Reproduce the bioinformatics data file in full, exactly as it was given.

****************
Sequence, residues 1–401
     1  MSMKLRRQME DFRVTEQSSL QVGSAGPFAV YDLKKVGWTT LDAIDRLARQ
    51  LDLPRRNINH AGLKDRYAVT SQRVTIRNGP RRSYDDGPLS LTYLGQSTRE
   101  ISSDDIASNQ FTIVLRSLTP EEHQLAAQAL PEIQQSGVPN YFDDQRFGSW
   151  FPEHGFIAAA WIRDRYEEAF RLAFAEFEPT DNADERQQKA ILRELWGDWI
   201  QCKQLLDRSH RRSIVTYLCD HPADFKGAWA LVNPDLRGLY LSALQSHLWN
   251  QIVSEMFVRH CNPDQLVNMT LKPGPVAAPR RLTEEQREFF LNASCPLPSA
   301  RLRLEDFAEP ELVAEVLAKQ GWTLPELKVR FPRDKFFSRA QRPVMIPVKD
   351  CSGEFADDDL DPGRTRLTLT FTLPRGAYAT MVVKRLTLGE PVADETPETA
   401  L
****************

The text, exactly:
Sequence, residues 1–401
     1  MSMKLRRQME DFRVTEQSSL QVGSAGPFAV YDLKKVGWTT LDAIDRLARQ
    51  LDLPRRNINH AGLKDRYAVT SQRVTIRNGP RRSYDDGPLS LTYLGQSTRE
   101  ISSDDIASNQ FTIVLRSLTP EEHQLAAQAL PEIQQSGVPN YFDDQRFGSW
   151  FPEHGFIAAA WIRDRYEEAF RLAFAEFEPT DNADERQQKA ILRELWGDWI
   201  QCKQLLDRSH RRSIVTYLCD HPADFKGAWA LVNPDLRGLY LSALQSHLWN
   251  QIVSEMFVRH CNPDQLVNMT LKPGPVAAPR RLTEEQREFF LNASCPLPSA
   301  RLRLEDFAEP ELVAEVLAKQ GWTLPELKVR FPRDKFFSRA QRPVMIPVKD
   351  CSGEFADDDL DPGRTRLTLT FTLPRGAYAT MVVKRLTLGE PVADETPETA
   401  L